Measuring speed of sound in air using Audacity

A physics demonstration on how to measure the speed of sound in air using Audacity, an open source audio recording software. There are Windows and Mac versions of this free software, and even a portable version that can run off a flash drive without needing to be installed on a computer (for school systems with stricter measures regarding installing of software).

The sound is reflected along a long hollow tube that somehow, existed in our school's laboratory. The two sound signals were picked up using a clip-on microphone attached to the open end of the tube and plugged into the laptop. I used my son's castanet which gives a crisp sound and hence, a simple waveform that will not have the echo overlapping with the generated sound. The timing at which the sound signals were first detected were read and subtracted to obtain the time taken for the wave to travel up and down the 237 cm tube.

The value of the speed of sound calculated is 356 m/s, which is a bit on the high side due to the temperature of 35°C and relative humidity of between 60-95% when the reading was carried out.

If you are interested, you can check out how the software can be used to determine the frequency of a tuning fork.

We are about to get students to conduct experiments to explore how tension, length and thickness of a guitar string affects its pitch (frequency). I might post some results here when there's time.

Magnetic Force on a Current-Carrying Conductor

Using a neodymium magnet, some paper clips and a battery, you can demonstrate the magnetic force acting on a current-carrying wire while recalling Fleming's left-hand rule. Using the same frame constructed in the previous video, you just need to add a wire with a few bends in between to create a U-shape in the middle as shown in the picture below. A small piece of insulating tape (you can use any adhesive tape) is added to one end of the wire to show the original dangling position of the U-shape before current flows through it. Be sure to leave some space at the end with the insulating tape for you to switch on and off the current by pushing that end in and out.

With the south pole facing up and the current flowing from right to left, the magnetic force acts towards you.
When the insulating tape touches the paper clip, current stops flowing and there is no magnetic force.
With the south pole facing up and the current flowing from right to left, the magnetic force acts away from you.

 

Building a Simple DC Motor

Using material that is easily available, you can build a simple homopolar D.C. motor (one that uses a single magnetic pole. I made the video above to help you do so.

The material used are as follows:

  1. insulated copper wire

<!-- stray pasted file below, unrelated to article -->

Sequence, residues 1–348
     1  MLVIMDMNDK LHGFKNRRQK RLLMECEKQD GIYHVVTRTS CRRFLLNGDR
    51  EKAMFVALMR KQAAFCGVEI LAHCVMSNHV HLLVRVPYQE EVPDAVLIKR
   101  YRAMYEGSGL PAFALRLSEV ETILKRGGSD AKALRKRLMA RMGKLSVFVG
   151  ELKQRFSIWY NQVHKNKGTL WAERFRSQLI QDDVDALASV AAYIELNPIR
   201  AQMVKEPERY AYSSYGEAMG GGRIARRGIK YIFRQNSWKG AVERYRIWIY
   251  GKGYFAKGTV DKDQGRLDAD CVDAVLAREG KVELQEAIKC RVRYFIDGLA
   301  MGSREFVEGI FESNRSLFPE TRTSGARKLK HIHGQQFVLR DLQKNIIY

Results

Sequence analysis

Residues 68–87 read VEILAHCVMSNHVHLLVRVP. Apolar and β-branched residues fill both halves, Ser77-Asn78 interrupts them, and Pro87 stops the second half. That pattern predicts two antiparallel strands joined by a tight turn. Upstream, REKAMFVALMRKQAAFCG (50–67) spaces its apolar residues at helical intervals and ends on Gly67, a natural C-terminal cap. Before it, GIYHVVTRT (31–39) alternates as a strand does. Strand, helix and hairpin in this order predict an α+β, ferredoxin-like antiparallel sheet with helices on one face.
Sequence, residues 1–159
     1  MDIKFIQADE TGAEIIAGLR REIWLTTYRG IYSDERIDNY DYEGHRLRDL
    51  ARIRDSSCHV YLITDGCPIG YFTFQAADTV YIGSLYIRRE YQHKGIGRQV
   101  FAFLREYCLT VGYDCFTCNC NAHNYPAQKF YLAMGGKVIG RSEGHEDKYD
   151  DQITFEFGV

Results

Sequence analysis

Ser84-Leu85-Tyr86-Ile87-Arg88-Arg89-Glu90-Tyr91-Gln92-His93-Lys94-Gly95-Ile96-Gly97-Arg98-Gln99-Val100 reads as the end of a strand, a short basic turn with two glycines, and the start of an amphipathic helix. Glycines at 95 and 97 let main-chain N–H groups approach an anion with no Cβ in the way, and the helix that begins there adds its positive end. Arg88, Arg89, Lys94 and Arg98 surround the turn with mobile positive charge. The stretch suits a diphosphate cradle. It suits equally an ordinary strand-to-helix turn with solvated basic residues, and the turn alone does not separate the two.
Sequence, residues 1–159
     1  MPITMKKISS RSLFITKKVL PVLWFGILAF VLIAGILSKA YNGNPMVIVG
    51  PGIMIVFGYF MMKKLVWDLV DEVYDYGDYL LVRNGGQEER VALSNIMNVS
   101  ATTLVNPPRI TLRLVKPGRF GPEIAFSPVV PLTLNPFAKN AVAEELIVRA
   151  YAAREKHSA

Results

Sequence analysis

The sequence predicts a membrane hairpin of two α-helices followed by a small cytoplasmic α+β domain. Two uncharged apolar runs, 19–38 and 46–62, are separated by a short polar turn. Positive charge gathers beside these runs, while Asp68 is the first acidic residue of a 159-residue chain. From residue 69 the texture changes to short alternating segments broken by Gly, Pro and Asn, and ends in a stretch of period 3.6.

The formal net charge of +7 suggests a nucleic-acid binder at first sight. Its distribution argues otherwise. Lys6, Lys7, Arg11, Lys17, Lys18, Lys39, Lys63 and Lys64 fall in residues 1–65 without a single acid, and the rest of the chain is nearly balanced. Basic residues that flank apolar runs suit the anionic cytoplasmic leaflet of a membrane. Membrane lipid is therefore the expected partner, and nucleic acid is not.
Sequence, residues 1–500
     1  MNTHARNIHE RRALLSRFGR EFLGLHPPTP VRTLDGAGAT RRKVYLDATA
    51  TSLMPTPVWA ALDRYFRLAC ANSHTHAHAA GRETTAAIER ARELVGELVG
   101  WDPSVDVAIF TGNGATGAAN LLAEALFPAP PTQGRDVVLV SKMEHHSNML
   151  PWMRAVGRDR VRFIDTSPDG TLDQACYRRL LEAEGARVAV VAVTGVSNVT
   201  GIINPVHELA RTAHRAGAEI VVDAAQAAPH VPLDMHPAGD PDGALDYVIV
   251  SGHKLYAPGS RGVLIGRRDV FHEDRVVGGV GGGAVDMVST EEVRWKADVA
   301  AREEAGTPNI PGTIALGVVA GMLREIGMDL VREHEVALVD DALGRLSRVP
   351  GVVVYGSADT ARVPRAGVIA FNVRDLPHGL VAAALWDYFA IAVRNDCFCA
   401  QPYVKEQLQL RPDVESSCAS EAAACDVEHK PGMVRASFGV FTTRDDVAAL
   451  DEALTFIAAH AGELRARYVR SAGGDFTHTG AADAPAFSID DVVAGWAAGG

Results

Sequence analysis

2. paper clips
  3. neodymium magnet
  4. 1.5V AA battery
  5. plastic or wooden block (I used a 4x2 Lego block)
  6. scissors
  7. permanent marker
  8. adhesive tape

The steps involved are:

  1. Attaching the magnet on the side of the battery using a long piece of adhesive tape and sticking both of them onto the Lego block. The polarity of the magnet does not matter.
  2. Next, we need to shape one end of each paper clip so as to make it longer and to make a small loop at the top. The paper clips are then fixed on the ends of the battery using adhesive tape.
  3. Coiling wire can be done with the help of a round cylindrical object such as a marker. Roughly 10-15 coils will do.
  4. The ends of the wire can used to bundle the coils together. Make sure they are tied up tightly.
  5. Since we are using an insulated wire (otherwise the current will just go straight from one paper clip to another without passing through the coils), we need to scrape of the insulation at the ends using either sandpaper or the edge of a pair of scissors.
  6. Using a permanent marker, we can colour one side each end in order to insulate that side. This will prevent current from flowing through the loops for half of every cycle. It has the same effect as that of a commutator.
  7. Finally, we will mount the coils onto the two paper clips and allow the motor to spin.

Do take note that the motor should not be left connected to the battery for too long as it will drain the battery very quickly and generate a lot of heat in the process.

How this can be used for the O-level/A-level syllabus

Teachers can use this as a demonstration that shows the motor effect of a current in a wire placed in a magnetic field, as well as to apply Fleming's left-hand rule.

One can also make an second coil without insulating half the surface of the points of contact with the paper clips to show the importance of the commutator in a DC motor. The coil will simply oscillate to and fro due to the change in direction of the magnetic force on the lower half of the loop every half a turn.

Magnetic Shielding

I made this rather simple video this morning showing a physics demonstration on the effect of magnetic shielding. A paper clip is shown to be attracted to a magnet. A series of objects are placed in between, such as a plastic ruler, a steel ruler, a steel bookend, and some coins of different alloys.

It is interesting to note the types of material that provide magnetic shielding and those that do not. There is even a distinction between the types of steel, which is an alloy containing iron. Ferritic steel is magnetic while austenitic steel is not.

The theory behind magnetic shielding is that the flat magnetic material will direct the field lines of the magnet along its plane instead of allowing them to pass through, thus depriving the paper clip of a strong enough magnet field to keep it flying.